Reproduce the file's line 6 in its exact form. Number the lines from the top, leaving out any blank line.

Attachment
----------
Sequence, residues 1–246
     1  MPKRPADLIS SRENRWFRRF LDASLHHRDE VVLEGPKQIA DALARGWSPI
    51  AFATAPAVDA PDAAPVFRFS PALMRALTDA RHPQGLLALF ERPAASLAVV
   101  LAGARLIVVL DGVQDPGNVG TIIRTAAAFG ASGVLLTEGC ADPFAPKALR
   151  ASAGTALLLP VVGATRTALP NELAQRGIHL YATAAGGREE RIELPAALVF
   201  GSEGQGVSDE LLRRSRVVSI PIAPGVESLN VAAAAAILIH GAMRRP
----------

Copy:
   201  GSEGQGVSDE LLRRSRVVSI PIAPGVESLN VAAAAAILIH GAMRRP